Zimbabwe: Civil Servants Don't Survive On Subsidised Transport Alone - Majongwe

26 February 2020

Firebrand Secretary General of the Progressive Teachers Union of Zimbabwe (PTUZ), Raymond Majongwe, has again blasted the government for employing piecemeal tactics when addressing the plight of hard-pressed civil servants.

He said his organisation was concerned about the government's immaterial preoccupation in providing civil servants with cheap transport to work through the Zimbabwe Passenger Company (ZUPCO)'s mass transport programme while ignoring other pressing needs of government workers and their families.

The government in January last year introduced subsidised mass public transport in urban areas following deadly mass demonstrations over sharp fuel hike.

However, Majongwe said there was need for the government to come up with holistic measures to address the poor working conditions for civil servants.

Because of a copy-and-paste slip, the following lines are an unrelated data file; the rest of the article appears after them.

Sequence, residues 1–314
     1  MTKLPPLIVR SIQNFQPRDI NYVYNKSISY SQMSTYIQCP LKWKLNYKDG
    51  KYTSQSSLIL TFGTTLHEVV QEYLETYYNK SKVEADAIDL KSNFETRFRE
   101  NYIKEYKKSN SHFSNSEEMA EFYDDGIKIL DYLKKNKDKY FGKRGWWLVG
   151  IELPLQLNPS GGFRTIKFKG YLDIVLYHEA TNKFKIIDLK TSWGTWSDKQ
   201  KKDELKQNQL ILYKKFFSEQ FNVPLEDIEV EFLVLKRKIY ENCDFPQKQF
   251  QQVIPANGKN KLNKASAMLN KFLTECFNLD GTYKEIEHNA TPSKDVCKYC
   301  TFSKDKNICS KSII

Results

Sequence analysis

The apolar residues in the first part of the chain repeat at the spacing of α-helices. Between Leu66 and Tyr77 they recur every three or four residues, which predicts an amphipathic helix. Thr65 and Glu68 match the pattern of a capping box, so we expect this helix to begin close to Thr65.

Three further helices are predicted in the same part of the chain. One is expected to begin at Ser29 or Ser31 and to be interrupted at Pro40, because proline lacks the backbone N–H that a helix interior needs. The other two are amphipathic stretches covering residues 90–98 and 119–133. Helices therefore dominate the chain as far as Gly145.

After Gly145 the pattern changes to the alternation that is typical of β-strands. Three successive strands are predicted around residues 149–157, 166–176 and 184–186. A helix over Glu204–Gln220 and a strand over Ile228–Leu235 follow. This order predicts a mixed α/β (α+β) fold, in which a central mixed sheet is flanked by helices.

"The government is behaving as if the lives of civil servants depend on transport alone," he said.

"A civil servant has the obligation to provide food on the table for their family. A civil servant has the responsibility to pay school and medical fees for their children," said Majongwe in an interview with New Zimbabwe.com Tuesday.

He called upon the government not to focus on firefighting issues, but to pay its workers a stable and decent salary, which enables workers to choose which mode of transport they want to use.

"In an ideal situation, civil servants should be able to choose their own mode of transport. Remember before this crisis, some government workers used to even to drive to work. We don't want to be forced to board these ZUPCO buses," said Majongwe.

Public Service Commission Secretary, Ambassador Jonathan Wutawunashe, last week revealed that the government was planning to buy an extra 130 buses for public servants before the end of the year as part of a raft of monetary benefits for the impoverished government workers.

"As far as we are concerned, this will not solve our problems. It is not about transport," added Majongwe.

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